Lasseter believes it was the kaditcha man who had it in for him the whole time. He looks out towards the mulga tree again. And in the blackness he can see it moving. Dancing. It has become the kaditcha man again. He has resumed his human form. He is dancing. Lasseter can hear the soft pad pad of his feet on the sand. As soft as the whisper of paranoia. He can make out the white markings on his skin. Sees the movement. He knows he is dancing him. Singing him.

Fuck him! says Lasseter. If I had another bullet left, he wouldn't be so game.

He looks around for his gun. It's gone. He forgot for a moment. He lost it years ago. He closes his eyes and tries to remember the first feeling of finding the gold once more. The exhilaration of it. Standing in the middle of a wilderness, untrodden by white men. Nuggets all around him. As thick as plums in a pudding. Pure like the golden tablets of the archangel. He was standing on one of the largest reefs of gold in the world. His reef. His empire! The gold fever made his whole body shake.

That was when he still had his gun. Before his camels ran away. Before the blacks encircled him. Held a council and decided to feed him. Listened to his words of wealth and prosperity. He told them about his dream of great gold mines. Of herds of stock fed and watered by artesian bores. How he would develop the land. How it made him the richest man in the world. And they asked him why the richest man in the world was also a beggar.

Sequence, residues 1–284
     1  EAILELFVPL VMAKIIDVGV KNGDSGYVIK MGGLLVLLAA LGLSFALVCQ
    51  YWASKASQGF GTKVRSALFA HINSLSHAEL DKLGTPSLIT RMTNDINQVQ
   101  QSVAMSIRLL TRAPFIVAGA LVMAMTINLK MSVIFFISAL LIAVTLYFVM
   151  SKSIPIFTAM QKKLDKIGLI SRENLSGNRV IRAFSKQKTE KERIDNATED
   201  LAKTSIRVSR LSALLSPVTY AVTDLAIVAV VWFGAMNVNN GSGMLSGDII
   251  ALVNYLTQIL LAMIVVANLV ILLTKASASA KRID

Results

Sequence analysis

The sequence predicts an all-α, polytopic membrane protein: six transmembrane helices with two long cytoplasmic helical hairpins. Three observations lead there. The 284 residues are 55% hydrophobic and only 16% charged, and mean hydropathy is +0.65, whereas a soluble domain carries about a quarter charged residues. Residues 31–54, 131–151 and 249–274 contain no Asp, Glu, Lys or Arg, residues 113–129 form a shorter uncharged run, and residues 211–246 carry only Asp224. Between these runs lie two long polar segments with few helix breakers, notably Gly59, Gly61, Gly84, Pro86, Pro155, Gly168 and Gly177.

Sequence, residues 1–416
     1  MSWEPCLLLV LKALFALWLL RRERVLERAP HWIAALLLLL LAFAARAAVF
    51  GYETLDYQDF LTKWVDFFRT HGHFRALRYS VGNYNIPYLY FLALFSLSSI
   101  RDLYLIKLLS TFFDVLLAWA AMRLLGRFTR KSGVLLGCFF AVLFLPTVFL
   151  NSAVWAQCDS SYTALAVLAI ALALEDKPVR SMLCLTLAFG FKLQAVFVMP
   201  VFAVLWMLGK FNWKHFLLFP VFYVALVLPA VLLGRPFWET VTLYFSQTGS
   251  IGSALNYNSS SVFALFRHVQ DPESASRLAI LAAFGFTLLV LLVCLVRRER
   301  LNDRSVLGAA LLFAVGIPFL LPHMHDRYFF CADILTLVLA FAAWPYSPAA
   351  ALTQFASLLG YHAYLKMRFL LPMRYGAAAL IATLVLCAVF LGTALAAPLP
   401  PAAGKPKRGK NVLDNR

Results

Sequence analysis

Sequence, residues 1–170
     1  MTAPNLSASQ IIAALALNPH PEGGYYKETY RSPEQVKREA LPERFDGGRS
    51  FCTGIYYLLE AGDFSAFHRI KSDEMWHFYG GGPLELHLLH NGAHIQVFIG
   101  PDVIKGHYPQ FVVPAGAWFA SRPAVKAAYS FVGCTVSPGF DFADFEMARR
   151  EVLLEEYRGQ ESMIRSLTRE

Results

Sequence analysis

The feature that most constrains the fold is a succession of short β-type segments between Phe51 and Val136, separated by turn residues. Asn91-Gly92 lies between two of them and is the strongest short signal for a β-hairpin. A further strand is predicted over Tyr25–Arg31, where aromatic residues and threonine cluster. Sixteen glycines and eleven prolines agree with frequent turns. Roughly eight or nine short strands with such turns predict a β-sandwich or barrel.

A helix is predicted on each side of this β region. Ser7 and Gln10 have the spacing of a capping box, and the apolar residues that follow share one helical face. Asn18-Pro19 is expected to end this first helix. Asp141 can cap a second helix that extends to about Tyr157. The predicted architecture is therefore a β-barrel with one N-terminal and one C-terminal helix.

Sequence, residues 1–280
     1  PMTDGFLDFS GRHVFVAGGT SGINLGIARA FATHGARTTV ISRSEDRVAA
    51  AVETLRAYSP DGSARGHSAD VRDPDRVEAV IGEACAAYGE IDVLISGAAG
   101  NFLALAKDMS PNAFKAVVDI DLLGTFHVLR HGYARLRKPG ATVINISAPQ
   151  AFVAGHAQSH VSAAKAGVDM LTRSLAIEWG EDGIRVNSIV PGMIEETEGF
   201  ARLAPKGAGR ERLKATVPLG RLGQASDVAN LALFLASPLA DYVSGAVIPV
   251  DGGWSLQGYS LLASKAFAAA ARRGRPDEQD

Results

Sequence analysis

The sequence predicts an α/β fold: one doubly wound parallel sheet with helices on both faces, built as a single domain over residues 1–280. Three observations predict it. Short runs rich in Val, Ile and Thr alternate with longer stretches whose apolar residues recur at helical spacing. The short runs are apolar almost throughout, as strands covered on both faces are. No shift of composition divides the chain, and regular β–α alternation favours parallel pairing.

Poor beggar me.

But the blacks didn't trust him. The land here was sacred to them. They didn't want him to dig it up. They even took out his claim pegs. They didn't understand the value of the land.

Fuck 'em, he says, they're all dead now.

He wakes with the sunrise. The sand blight is bad today. Una pika purlka, the blacks said looking at his eyes. The sun is blinding. But he can make out someone coming towards him. Walking slowly across the desert. He tenses. The warriors came down to him with two spears each. Ready to spear him to death. But they saw how close to death he was and left him. Left him to the elements and the songs of the kaditcha man. They didn't understand that he was the richest man in the world.

It is one of the tribal women coming towards him. He can see her now. She kneels on the ground in front of him and begins digging in the sand. Looking for yams maybe. He looks at her smooth dark skin. At her breasts. God he could do with a feed, he thinks. Maybe a steak. A real big one, like they used to cook at Alice Springs. Red juices running down his chin. Suddenly she is gone. Blended into the desert.